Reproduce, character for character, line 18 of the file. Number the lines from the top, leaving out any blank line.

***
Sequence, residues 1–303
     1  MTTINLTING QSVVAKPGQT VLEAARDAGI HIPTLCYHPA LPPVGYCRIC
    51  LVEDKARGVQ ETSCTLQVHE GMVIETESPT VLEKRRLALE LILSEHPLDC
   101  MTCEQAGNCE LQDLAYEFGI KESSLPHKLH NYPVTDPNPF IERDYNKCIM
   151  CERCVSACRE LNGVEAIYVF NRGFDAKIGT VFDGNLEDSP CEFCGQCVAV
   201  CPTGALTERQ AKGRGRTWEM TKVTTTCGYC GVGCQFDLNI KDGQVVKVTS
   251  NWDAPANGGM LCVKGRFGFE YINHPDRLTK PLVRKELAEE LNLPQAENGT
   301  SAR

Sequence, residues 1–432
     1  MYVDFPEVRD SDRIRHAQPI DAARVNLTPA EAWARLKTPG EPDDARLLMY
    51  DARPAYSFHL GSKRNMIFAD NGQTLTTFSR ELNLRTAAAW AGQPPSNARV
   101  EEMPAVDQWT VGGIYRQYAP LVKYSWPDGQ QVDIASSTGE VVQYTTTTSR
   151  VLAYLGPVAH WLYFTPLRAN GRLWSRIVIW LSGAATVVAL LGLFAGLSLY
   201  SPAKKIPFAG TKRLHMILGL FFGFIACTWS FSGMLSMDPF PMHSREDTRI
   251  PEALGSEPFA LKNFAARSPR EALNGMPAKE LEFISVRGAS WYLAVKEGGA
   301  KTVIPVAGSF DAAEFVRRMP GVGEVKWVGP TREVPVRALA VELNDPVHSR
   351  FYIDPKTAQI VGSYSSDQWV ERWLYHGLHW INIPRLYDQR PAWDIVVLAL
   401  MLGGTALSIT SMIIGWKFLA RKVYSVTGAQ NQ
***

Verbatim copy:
   401  MLGGTALSIT SMIIGWKFLA RKVYSVTGAQ NQ